The best way to play the eBay game is to do the research. Know what the market value of the item is. The value of antiquarian and collectible books, for instance, can easily be determined by a trip to abe.com. It's often unusual that a known book will go over 40% of the dealers price. I usually bid the lowest dealer price and rarely lose, and most often, get the item for a much lower price. But it is a game played best only if you really want the item.

It is best to carefully study the item description. How much you will have to pay in shipping, condition of item, method of payment. It pays to take a good look at the seller, other items for sale, feedback history. There is nothing worse than being disappointed when the package arrives, and to some extent, you could have avoided that simply by paying a bit more attention to both description and seller's feedback. Though this can work to your advantage. If a seller doesn't offer PayPal, has high or undisclosed shipping rates, has a poor record in regard to shipping and packaging, etc., that seller's items are not going to gather substantial bids.

It pays to study other listings for relative sale price as well. If there is a similar item up during the duration of bidding, that will could result in the items selling for less. Also, if the seller has described the item poorly in the subject heading or listed it in an inappropriate category, that can result in a lower auction price as well. But, sometimes sellers will do this on purpose because the potential buyers who do find the item are in game mode.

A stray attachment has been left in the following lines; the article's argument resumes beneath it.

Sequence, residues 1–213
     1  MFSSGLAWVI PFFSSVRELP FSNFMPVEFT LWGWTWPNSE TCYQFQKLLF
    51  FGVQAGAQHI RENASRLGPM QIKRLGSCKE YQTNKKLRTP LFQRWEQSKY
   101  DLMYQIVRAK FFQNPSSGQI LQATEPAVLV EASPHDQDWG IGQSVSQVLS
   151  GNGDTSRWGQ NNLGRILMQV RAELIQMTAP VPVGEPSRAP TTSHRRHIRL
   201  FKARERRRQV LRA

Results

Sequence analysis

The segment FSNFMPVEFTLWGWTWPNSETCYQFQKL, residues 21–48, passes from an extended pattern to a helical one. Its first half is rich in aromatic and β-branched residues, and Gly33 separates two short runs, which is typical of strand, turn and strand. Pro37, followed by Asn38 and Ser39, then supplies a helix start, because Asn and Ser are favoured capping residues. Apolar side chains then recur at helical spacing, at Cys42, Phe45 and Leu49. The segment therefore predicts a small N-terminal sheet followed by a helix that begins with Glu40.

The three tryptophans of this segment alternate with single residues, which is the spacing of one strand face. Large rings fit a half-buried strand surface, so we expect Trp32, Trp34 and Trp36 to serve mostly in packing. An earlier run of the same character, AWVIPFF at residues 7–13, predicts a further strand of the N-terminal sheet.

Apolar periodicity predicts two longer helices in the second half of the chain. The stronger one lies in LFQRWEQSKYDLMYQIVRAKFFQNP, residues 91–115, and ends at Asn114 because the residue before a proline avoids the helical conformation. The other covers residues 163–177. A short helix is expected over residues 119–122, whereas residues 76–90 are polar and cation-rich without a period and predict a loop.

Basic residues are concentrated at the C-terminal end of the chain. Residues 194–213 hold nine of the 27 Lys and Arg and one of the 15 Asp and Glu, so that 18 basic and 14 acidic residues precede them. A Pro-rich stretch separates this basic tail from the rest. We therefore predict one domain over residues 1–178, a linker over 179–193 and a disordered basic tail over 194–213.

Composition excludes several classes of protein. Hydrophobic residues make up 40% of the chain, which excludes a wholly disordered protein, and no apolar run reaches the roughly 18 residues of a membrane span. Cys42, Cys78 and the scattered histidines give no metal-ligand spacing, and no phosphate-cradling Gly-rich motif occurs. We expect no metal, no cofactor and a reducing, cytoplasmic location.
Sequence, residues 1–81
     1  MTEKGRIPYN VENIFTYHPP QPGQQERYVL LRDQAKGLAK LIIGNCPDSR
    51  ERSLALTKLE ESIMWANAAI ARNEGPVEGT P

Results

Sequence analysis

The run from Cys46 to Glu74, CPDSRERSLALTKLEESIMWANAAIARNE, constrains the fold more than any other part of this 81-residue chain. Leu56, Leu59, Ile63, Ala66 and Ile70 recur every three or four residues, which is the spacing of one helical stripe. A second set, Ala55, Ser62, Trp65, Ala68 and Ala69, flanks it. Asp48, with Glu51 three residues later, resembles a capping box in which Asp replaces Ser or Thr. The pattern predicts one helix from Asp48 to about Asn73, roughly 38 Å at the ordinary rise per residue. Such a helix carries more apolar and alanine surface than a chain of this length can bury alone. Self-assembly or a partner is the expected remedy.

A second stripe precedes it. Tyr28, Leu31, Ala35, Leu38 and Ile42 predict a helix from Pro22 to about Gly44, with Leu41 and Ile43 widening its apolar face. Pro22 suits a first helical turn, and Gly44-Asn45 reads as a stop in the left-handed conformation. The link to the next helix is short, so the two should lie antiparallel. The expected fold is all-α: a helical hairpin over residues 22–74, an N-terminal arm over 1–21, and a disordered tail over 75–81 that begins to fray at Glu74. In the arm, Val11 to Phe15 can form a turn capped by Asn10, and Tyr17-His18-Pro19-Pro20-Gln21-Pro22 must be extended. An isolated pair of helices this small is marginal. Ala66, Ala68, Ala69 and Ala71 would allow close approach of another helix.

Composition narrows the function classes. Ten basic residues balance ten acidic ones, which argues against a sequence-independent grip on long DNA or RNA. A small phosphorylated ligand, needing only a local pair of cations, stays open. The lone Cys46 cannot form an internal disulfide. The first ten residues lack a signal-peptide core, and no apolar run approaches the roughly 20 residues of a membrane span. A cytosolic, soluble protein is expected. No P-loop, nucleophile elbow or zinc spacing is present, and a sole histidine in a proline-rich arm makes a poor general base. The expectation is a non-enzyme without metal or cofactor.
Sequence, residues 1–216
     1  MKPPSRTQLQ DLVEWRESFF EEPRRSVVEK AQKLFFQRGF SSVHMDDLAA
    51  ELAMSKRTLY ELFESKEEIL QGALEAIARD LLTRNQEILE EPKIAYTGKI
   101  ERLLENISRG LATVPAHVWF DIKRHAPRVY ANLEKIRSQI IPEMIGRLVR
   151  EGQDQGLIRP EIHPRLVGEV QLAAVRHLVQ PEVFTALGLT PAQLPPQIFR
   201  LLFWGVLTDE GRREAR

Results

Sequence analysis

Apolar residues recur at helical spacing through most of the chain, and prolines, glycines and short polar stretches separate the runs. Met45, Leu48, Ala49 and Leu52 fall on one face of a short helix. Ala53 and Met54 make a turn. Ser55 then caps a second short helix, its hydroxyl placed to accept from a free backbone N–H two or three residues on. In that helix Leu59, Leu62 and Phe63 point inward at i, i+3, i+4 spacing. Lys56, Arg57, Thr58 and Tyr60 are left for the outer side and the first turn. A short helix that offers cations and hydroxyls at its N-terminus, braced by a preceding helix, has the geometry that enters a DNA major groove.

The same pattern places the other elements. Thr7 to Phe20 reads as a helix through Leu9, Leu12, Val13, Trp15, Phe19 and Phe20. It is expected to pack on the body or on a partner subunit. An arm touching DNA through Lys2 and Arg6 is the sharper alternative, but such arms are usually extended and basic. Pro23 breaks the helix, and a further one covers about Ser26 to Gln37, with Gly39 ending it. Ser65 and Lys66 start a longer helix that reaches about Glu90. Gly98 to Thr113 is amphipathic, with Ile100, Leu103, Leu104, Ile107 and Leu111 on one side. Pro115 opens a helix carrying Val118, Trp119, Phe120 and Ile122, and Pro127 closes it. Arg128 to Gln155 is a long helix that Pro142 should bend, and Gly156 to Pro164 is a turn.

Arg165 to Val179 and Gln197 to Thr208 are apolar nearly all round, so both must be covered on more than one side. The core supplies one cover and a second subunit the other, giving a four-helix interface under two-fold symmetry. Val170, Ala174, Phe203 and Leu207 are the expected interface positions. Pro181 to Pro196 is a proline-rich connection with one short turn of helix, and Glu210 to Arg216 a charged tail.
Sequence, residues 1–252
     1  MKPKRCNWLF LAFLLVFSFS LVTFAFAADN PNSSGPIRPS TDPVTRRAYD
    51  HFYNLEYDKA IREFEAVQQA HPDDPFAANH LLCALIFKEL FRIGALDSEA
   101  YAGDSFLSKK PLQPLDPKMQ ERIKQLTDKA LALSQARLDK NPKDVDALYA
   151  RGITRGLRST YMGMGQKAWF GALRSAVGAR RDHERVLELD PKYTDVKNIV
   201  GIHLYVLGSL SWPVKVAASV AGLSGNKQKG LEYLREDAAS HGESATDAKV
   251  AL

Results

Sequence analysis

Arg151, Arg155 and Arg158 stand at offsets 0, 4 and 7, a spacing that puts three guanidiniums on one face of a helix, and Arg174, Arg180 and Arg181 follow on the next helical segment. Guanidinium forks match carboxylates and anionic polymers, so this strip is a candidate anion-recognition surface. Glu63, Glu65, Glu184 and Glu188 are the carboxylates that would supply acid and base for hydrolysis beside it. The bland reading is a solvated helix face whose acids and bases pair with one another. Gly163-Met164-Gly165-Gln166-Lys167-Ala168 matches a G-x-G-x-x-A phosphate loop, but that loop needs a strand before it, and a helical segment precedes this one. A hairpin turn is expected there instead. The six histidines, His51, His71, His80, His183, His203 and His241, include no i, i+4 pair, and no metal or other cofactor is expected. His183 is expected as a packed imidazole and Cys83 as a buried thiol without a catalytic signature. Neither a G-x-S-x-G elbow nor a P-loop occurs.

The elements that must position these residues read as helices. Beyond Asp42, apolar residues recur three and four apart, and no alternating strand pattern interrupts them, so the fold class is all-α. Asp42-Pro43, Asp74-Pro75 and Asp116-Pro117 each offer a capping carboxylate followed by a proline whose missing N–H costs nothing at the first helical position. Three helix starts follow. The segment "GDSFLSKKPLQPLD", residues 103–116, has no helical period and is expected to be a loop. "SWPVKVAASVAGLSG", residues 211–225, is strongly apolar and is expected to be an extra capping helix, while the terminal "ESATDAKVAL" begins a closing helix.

Most importantly, look at the feedback of other bidders for the item. Their past bidding strategies are revealed here.

Time of sale is important as well. A clue is to look at the numbers of folks using this list at any given time of the day and on specific days of the weeks. Web activity begins late Sunday night and tapers off by Thursday afternoon. Best time to buy and worse time to sell is during the off peak period. And during holidays. An acquaintance of mine picked up a photopolymer platemaking machine–which, because of its relative scarcity, has a common value of $3,500 and often goes for that–for $500 simply because the seller had the item ending on Christmas Eve.

Gerald

Paul Cutler's picture

I'll give you an example: I was bidding on a mid-century coffee table by John Keel. The bids had barely reached $600 at the last moment. It was worth $800 to me. I bid in the last moment and got it for $710. Suddenly it became a bargain. I used to be very competitive and obsessive when I first started using Ebay 8 years ago, but eventually figured out that worked against me and for the sellers and Ebay itself so I only bid once on an item and if that doesn't "win", I don't "lose"…